Another example: escape analysis

    Imagine a function that is important to allocate a temporary buffer on the stack:

    funcbusinessLogic()error {
        buf := make([]byte, 0, 16)
        // buf используется только локально// для временного хранения результатов.returnnil

    Since it bufdoes not "run away", the compiler will be able to allocate these 16 bytes on the stack, without allocating it to the heap. Again, all thanks to the constant value when calling make. To allocate memory on the stack, it is important for us to know the required size, which will be part of the frame allocated for the function call.

    Suppose in the future we wanted to allocate temporary buffers of different sizes and encapsulate some logic in the methods. We introduced a new abstraction and decided to use the new type everywhere tmpBuf. The design function is extremely simple:

    funcnewTmpBuf(sizeHint int)tmpBuf {
        return tmpBuf{buf: make([]byte, 0, sizeHint)}

    Adapt the original example:

    func businessLogic() error {
    -   buf := make([]byte, 0, 16)+   buf := newTmpBuf(16)
        // buf используется только локально
        // для временного хранения результатов.
        return nil

    The constructor will be built in, but the allocation will now always be on the heap, for the same reason passing arguments through temporary variables. Escape analysis will see make([]byte, 0, _sizeHint)that it does not fall under its pattern of recognition of optimized calls make.

    If we had “everything like people’s”, there would be no problem, after embedding the constructor, newTmpBufit would be clear that the size is still known at the compilation stage.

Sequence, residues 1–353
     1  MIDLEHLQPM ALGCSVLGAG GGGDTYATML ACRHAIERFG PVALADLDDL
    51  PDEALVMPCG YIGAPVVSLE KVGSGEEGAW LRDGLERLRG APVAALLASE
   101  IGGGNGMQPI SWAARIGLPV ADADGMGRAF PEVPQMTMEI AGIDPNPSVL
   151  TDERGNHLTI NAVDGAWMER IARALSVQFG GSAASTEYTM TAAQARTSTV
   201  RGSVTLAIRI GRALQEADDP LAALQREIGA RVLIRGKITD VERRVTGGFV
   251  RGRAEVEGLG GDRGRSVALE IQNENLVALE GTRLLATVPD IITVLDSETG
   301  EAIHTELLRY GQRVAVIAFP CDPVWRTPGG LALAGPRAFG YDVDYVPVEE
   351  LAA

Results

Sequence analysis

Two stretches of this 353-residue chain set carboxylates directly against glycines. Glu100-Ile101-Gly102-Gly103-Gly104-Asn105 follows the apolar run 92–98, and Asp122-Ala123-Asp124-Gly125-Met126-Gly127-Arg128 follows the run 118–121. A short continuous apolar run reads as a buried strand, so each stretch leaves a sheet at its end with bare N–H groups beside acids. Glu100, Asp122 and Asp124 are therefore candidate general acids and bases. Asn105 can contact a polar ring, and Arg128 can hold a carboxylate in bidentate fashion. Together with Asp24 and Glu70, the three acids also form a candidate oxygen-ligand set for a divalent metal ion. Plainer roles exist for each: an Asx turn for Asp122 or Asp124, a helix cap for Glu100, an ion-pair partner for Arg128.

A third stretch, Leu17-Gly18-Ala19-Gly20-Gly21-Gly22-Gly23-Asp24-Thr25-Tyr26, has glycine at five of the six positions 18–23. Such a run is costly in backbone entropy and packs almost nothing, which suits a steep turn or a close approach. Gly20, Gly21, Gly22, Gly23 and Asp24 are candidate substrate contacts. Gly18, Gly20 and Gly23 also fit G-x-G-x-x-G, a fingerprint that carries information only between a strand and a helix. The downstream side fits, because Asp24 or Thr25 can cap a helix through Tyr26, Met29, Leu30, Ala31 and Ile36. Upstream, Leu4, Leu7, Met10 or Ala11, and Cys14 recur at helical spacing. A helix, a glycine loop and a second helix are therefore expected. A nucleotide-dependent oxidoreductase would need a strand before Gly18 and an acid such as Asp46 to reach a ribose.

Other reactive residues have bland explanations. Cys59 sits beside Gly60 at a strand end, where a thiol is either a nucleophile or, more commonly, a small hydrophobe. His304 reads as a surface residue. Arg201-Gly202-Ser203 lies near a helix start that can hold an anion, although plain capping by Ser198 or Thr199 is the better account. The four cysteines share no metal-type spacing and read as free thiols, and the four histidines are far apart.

This saddens almost more than the situation with string comparison.

    Horizons Go 1.13

    The situation can be corrected quite easily and I have already sent the first part of the solution .


    If you think that the problem described in the article really needs a solution, please put a thumbs up in the appropriate issue .

    My position is that embedding the code with your hands just because it runs faster in the current version of Go is wrong. It is necessary to correct this flaw in the optimizer, at least to the level that the examples described above work without unexpected performance regressions.

    If everything goes according to plan, this optimization will go into the release of Go 1.13.

    Thanks for attention.

    Addition: proposed solution

    This section is for the bravest, those who are not yet tired of reading.

    So, we have several places that work worse when using variables instead of their values ​​directly. The proposed solution is to introduce a new function in the frontend part of the compiler, which allows you to get the last bound value by name. After that, in each optimization that expects a constant value, do not give up when a variable is detected, but receive this previously saved state.

    The signature of our new feature might look like this:

    funcgetConstValue(n *Node) *Node